“At least 92 Daesh (IS) fighters were killed in the bombing,” Achin district governor Esmail Shinwari told AFP on Saturday, adding that three tunnels that sheltered the insurgents had been destroyed.

Mr Shinwari said that American and Afghan ground forces were slowly advancing on the mountainous area, which is blanketed with landmines, to clear the site, but there are still some pockets of resistance from insurgents.

“New fighters have probably come from the other side of the border (Pakistan) to collect the dead bodies,” he added.

There has been some WILDLY innaccurate reporting (mostly from people who have no idea what they are talking about) regarding the cost of the weapon (ranging from $16 million to $150,000) and how it works, but can we all agree that 92 dead Daesh in Afghanistan is a good start on eliminating the 800 estimated ISIS in theater?  Especially when it included some commanders.  And if it draws people from anywhere, that's probably good for us to have them consolidated.  The question now is how many will leave ISIS knowing that a new weapon is being used.

For those questioning the timing, it was because of the death of one of our operators:

The soldier killed fighting the Islamic State offshoot in Afghanistan over the weekend was identified Monday by the Pentagon.

Army Staff Sgt. Mark R. De Alencar, 37, was mortally wounded by small arms fire during an operation Saturday in the eastern province of Nangahar, the Pentagon said in a news release....

RIP Brother:

The Department of Defense announced today the death of a soldier who was supporting Operation Freedom’s Sentinel.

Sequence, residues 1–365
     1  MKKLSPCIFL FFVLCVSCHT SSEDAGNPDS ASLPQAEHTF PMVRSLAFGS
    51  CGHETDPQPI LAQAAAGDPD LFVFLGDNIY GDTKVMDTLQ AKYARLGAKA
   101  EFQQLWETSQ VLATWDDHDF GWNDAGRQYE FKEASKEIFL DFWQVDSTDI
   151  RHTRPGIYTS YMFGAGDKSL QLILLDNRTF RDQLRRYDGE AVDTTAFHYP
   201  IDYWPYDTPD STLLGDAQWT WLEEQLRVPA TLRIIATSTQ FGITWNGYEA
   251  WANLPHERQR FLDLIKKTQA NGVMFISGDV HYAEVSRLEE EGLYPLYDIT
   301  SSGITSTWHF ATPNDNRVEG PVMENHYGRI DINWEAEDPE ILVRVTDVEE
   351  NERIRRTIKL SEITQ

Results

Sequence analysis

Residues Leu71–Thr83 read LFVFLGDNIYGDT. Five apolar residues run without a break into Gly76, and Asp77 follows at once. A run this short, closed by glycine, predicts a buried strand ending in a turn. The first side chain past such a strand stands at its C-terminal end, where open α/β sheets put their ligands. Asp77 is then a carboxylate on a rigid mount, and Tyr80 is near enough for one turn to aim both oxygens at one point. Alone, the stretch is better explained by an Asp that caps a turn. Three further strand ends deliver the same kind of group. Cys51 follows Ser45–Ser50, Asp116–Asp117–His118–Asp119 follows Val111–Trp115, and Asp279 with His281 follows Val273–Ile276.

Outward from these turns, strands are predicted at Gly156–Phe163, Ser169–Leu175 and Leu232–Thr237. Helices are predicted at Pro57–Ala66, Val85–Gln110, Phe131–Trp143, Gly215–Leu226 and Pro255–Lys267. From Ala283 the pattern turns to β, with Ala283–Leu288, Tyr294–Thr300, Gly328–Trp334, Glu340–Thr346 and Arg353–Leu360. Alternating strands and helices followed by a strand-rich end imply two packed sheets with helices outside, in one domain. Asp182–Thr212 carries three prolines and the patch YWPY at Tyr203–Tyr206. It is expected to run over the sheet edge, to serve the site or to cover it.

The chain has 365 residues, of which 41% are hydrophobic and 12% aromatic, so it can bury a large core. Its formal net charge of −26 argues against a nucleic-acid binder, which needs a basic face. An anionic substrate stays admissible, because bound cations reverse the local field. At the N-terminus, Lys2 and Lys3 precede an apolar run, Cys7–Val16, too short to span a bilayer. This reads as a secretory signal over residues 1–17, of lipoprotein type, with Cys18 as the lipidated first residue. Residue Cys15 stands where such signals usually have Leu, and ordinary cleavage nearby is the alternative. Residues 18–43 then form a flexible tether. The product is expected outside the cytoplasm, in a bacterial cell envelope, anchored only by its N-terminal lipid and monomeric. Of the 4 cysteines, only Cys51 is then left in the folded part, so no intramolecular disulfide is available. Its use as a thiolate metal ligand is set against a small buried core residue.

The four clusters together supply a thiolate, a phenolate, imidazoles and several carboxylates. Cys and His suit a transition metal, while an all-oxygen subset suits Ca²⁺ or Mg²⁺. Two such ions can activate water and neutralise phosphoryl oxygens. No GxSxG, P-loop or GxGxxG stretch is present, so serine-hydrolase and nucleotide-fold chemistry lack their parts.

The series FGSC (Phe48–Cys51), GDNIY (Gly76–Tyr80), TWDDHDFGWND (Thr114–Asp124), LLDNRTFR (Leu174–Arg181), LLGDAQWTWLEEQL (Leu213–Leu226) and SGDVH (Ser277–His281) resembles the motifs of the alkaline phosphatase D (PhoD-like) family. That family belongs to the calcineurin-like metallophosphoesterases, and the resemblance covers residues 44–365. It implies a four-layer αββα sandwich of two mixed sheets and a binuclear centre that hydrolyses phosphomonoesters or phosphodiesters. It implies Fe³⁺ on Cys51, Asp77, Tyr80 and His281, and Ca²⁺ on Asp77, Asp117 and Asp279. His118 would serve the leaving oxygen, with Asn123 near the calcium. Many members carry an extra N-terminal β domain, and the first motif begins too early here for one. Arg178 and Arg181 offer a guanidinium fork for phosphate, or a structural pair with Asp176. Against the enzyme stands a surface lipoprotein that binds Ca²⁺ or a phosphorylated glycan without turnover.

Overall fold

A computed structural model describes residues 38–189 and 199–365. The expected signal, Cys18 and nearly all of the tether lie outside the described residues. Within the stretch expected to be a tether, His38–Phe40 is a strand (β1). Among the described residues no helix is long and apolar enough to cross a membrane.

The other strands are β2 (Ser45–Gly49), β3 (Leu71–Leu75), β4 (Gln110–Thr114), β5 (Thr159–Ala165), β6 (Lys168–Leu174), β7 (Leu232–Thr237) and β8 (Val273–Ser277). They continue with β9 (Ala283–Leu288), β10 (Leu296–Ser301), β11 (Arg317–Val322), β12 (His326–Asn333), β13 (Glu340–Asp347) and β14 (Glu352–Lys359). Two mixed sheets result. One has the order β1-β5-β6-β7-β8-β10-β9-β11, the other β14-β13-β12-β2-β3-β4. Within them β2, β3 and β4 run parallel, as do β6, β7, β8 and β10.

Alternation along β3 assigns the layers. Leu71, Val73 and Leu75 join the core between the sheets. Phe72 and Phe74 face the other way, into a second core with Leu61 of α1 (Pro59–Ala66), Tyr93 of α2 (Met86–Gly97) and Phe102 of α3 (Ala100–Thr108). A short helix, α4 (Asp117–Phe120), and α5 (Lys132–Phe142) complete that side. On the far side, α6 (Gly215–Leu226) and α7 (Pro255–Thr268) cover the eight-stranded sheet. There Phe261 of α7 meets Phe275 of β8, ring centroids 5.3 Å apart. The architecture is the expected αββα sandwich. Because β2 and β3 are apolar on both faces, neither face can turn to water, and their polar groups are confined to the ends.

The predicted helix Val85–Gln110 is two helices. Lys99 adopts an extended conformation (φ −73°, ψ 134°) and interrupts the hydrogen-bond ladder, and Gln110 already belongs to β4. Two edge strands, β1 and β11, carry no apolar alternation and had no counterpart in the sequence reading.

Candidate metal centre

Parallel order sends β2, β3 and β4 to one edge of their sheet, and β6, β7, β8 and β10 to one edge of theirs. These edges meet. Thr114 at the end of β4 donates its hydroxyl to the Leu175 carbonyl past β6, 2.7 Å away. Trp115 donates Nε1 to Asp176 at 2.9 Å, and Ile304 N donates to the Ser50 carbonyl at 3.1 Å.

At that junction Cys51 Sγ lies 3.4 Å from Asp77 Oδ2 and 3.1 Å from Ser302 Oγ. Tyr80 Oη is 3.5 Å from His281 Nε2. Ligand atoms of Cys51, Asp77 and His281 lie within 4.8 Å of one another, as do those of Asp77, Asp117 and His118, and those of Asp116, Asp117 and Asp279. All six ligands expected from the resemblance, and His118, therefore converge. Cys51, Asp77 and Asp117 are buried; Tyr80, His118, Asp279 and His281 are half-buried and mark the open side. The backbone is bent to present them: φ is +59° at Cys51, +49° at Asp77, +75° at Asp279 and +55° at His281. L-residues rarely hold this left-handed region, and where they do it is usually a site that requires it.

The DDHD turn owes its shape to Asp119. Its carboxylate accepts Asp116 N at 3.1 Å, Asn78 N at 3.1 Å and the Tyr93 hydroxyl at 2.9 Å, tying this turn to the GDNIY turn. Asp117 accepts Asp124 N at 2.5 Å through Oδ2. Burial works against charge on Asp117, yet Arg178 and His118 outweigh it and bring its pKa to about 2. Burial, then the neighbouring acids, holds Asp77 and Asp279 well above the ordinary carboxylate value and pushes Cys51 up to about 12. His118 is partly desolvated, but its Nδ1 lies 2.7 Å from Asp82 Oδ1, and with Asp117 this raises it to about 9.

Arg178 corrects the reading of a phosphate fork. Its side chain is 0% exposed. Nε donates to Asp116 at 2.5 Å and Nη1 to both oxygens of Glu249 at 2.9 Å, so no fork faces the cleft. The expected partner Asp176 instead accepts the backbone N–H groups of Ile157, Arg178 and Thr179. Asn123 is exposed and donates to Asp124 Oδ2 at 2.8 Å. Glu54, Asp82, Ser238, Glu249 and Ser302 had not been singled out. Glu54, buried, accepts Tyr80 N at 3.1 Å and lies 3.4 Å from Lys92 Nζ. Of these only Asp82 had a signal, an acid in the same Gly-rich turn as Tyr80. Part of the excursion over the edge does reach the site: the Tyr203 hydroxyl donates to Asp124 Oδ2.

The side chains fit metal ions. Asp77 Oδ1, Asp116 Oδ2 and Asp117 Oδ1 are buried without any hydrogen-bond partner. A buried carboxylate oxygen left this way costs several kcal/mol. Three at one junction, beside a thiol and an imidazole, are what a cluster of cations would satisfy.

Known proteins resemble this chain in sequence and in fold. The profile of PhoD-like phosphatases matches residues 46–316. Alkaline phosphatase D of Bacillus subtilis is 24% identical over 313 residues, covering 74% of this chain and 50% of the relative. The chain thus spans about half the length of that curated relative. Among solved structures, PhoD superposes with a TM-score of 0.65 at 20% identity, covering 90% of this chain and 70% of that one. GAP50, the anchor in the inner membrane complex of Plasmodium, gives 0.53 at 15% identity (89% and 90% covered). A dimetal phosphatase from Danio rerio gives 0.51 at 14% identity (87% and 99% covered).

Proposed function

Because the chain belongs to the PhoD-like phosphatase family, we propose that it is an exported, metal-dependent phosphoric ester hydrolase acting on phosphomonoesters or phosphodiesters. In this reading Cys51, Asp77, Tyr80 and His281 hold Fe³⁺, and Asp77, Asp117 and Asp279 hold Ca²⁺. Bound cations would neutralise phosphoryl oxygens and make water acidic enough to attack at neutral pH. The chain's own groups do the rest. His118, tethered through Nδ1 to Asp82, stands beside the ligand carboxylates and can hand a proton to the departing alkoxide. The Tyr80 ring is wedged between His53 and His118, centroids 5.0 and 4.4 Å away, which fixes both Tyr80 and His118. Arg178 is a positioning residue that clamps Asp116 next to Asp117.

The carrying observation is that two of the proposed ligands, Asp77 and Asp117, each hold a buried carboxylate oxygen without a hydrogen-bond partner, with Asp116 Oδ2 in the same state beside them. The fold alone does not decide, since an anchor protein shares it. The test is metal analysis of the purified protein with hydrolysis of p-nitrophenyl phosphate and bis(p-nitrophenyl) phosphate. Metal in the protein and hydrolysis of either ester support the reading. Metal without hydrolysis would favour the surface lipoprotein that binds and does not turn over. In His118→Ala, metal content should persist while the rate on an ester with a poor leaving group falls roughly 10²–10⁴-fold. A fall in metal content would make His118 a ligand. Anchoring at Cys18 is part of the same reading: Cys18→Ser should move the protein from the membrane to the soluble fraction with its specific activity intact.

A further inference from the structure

Staff Sgt. Mark R. De Alencar, 37, of Edgewood, Maryland, died April 8 in Nangarhar Province, Afghanistan, of injuries sustained when his unit came in contact with enemy forces using small arms fire during combat operations.

De Alencar was assigned to 1st Battalion, 7th Special Forces Group (Airborne), Eglin Air Force Base, Florida.

 And more bad news for ISIS from a guy I know:


Posted in the burner | 2 comments
« Previous story
Next story »


* To comment without a Facebook account, please scroll to the bottom.


Want to hear an interesting fact: Staff Sgt. Mark R. De Alencar, was assigned to 1st Battalion, 7th Special Forces Group (Airborne), Eglin Air Force Base, Florida.
Turns out the MOAB was made in Eglin AFB. As they say, Pay Back is a Mother.

The message that ISIS and all the other terrorists should get from this is simple: where ever you gather, in your stronghold, to plan death and destruction we will find you, and when we do you will be dealt with harshly and without remorse. There is nothing you can do that will keep us from destroying you no matter how well protected you think you are. You have our attention, and that is not a good thing to have.

Sleep well, if you can.

Add new comment

Plain text

  • No HTML tags allowed.
  • Web page addresses and e-mail addresses turn into links automatically.
  • Lines and paragraphs break automatically.
This question is for testing whether or not you are a human visitor and to prevent automated spam submissions.
Have a tip for us? A link that should appear here? Contact us.
News from the World of Military and Veterans Issues. Iraq and A-Stan in parenthesis reflects that the author is currently deployed to that theater.